What Is the Difference Between a Startup and a Small Business?

Learn about the difference between a startup and a small business.

Startups and small businesses have a couple of fundamental differences that may surprise you. The key to discovering the right business path is to understand those fundamental differences and identify where you (and your business idea) best fit. Starting with this guide will help you not only understand what small businesses and startups are — but which one is right for you.

What Is a Startup?

Contrary to popular belief, startup companies are not a permanent phase for any business or tech company. Startups are the initial phase of a high-growth business model. A few common startup traits are few employees and fast growth potential that deliver a high return on investment for their funding sources.

Startups generally provide products or services that appeal to a large demographic or solve a widespread problem better than the options currently available.

Learn how to start a startup.

What Is a Small Business?

On the other hand, a small business is a less scalable business that isn’t necessarily focused on growth potential. Small businesses are generally centered around providing a product or service to a target market and longevity resulting in stable, consistent growth.

Two defining characteristics of a small business are a small target market and a focus on long-term sustainability rather than top-end revenue.

Learn how to start a small business.

Startup vs. Small Business: Differences


Startups are typically built for scalability. One of the cornerstones of this business phase is rapid growth, which means it is supplying a product or service that appeals to a large market. This is required for the kind of growth that characterizes startups.

In contrast, while small businesses generally welcome healthy growth, the focus is centered more on a sustainable business model that appeals to a more focused market.


Startups can have a hard time securing funding, and most startups are funded by a method called “bootstrapping,” which means entrepreneurs fund their business initially out of their own personal savings. Otherwise, startups are more likely to be funded by angel investors or venture capitalists rather than by grants or loans. Investors typically choose startups based on the highest possible return on investment and the lowest risk possible, making funding a unique challenge for startups.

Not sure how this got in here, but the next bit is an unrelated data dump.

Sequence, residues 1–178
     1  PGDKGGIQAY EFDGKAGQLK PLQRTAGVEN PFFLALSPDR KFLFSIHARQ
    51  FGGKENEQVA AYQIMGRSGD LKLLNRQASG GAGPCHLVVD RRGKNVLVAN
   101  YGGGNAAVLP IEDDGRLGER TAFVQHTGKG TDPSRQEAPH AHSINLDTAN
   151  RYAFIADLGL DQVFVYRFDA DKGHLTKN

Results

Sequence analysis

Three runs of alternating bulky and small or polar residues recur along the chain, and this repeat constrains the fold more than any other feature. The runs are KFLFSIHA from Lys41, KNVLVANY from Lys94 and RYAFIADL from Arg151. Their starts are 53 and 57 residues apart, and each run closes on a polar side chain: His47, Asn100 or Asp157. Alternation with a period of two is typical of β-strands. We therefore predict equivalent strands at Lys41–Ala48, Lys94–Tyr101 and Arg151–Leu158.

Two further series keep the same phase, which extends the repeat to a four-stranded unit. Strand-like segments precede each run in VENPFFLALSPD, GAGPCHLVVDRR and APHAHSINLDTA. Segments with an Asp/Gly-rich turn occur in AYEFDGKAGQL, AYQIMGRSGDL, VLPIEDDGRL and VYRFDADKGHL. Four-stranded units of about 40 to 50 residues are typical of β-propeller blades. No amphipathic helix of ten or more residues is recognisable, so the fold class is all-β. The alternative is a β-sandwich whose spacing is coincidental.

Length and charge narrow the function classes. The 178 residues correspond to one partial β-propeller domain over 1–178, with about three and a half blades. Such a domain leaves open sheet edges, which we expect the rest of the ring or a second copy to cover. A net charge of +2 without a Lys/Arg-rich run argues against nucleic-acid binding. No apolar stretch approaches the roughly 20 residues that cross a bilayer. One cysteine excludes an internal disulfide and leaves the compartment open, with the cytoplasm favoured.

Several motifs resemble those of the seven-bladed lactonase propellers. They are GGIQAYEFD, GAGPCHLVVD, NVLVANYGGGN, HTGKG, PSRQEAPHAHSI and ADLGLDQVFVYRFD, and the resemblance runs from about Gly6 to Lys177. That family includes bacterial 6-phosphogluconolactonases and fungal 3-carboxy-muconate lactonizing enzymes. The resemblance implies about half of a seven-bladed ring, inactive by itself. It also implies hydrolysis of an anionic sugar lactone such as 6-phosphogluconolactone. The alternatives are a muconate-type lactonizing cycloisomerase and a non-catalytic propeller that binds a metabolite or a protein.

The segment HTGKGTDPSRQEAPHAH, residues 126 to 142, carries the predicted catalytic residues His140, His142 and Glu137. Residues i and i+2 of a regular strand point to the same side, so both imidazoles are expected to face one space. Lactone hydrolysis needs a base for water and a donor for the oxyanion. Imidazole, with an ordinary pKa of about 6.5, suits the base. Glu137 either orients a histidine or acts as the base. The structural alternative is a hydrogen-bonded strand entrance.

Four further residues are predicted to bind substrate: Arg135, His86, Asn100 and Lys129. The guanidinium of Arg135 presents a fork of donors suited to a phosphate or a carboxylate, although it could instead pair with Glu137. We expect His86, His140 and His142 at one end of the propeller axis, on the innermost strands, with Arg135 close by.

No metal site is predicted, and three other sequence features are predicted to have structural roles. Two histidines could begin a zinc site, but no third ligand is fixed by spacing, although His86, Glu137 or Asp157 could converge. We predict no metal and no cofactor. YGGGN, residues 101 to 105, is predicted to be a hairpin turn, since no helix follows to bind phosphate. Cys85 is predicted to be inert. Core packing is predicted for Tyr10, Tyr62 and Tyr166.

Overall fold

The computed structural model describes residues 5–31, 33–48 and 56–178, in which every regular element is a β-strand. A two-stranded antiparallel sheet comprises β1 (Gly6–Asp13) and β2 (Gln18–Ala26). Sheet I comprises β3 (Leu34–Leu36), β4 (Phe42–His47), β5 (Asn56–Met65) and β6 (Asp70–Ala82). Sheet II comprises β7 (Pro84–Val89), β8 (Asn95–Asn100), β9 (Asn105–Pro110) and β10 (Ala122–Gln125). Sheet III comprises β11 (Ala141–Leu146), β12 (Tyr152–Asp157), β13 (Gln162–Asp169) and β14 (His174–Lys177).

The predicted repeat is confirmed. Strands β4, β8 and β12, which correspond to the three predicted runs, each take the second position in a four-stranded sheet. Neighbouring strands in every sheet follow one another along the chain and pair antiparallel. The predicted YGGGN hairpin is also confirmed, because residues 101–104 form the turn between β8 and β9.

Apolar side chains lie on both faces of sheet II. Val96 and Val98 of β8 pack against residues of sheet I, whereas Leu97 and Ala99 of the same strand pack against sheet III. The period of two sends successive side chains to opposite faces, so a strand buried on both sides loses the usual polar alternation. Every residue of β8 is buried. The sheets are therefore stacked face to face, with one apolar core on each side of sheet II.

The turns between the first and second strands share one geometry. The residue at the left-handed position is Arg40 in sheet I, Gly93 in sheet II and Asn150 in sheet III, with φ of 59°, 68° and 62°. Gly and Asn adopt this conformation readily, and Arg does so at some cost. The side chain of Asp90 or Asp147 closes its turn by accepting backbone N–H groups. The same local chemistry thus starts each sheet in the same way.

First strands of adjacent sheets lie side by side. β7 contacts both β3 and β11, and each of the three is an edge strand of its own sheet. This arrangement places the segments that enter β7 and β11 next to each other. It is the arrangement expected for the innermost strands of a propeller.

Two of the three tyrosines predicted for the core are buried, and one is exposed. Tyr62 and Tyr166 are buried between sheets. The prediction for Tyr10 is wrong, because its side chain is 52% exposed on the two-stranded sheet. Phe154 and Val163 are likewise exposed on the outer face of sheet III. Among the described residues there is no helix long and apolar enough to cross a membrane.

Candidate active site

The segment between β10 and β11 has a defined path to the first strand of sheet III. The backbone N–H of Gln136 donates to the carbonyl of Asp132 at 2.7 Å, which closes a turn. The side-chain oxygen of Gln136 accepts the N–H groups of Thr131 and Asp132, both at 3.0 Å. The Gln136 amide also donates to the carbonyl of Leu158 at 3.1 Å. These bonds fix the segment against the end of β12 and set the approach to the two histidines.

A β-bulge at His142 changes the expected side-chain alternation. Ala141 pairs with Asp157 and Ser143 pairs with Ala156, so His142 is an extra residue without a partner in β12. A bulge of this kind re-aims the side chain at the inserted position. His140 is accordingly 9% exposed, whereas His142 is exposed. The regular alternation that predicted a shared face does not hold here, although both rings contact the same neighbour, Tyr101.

Alternatively, small businesses tend to source funding through small business loans and grants because they tend to generate less profit and therefore deliver a lower return on investment for venture capitalists or angel investors.


By the nature of this business type, startups are built with top-end revenue goals and an exit strategy in mind. The goal is to achieve high, rapid growth — not necessarily to build a sustainable or long-lasting business. For startups that want to keep their business in operation after its initial growth, an exit strategy to pay off investors through revenue, loans, or another funding source is needed. 

Small business owners, on the other hand, don’t need an exit strategy when they are seeking funding or starting their own business since the burden of responsibility is entirely on their shoulders. This also means that these entrepreneurs are typically less focused on high revenue goals; instead, a small business’s goals are centered around financial stability.

Startup vs. Small Business: Which Should I Choose?

Choosing between a startup and a small business for your business idea typically comes down to the business idea, the market that’s available for it, and how you plan to source funding. Let’s take a look at a few of the characteristics that can dictate whether a startup or small business is right for you:

A Startup May Be Right for You If:

  • Your business idea has large market potential. One of the hallmarks of startups is an expansive market, something that a small business model won’t always be able to support.
  • Your business idea has the potential for a high return on investment for investors. Angel investors and venture capitalists fund startups that they think can earn a high return on investment. For this reason, your startup has to have high ROI potential.
  • You are comfortable with a high-risk business model. Startups tend to hold higher financial risk than small businesses. You should be sure that you are able to and comfortable with taking on the risk.
  • You are an innovator. Innovation is the name of the game in the startup world. To be a successful startup entrepreneur you need to be able to think outside the box.

Recommended: Read our full guide on how to start a startup.

A Small Business May Be Right for You If:

  • You want to focus on your target market. Small businesses tend to focus their energy on their target market in order to maintain consistent profit and stable growth.
  • You are looking for a less risky business model. Starting a small business still holds inherent risks; however, the percentage of small businesses that fail is far below the percentage of startups.
  • Your business idea isn’t likely to experience rapid growth. Small businesses are geared toward consistent business growth rather than expeditious.
  • Your goal isn’t to become an industry leader. You can still impact your industry, but if your goal isn’t to dominate the industry around you, a small business is most likely a better fit.

Recommended: Read our full guide on how to start a business.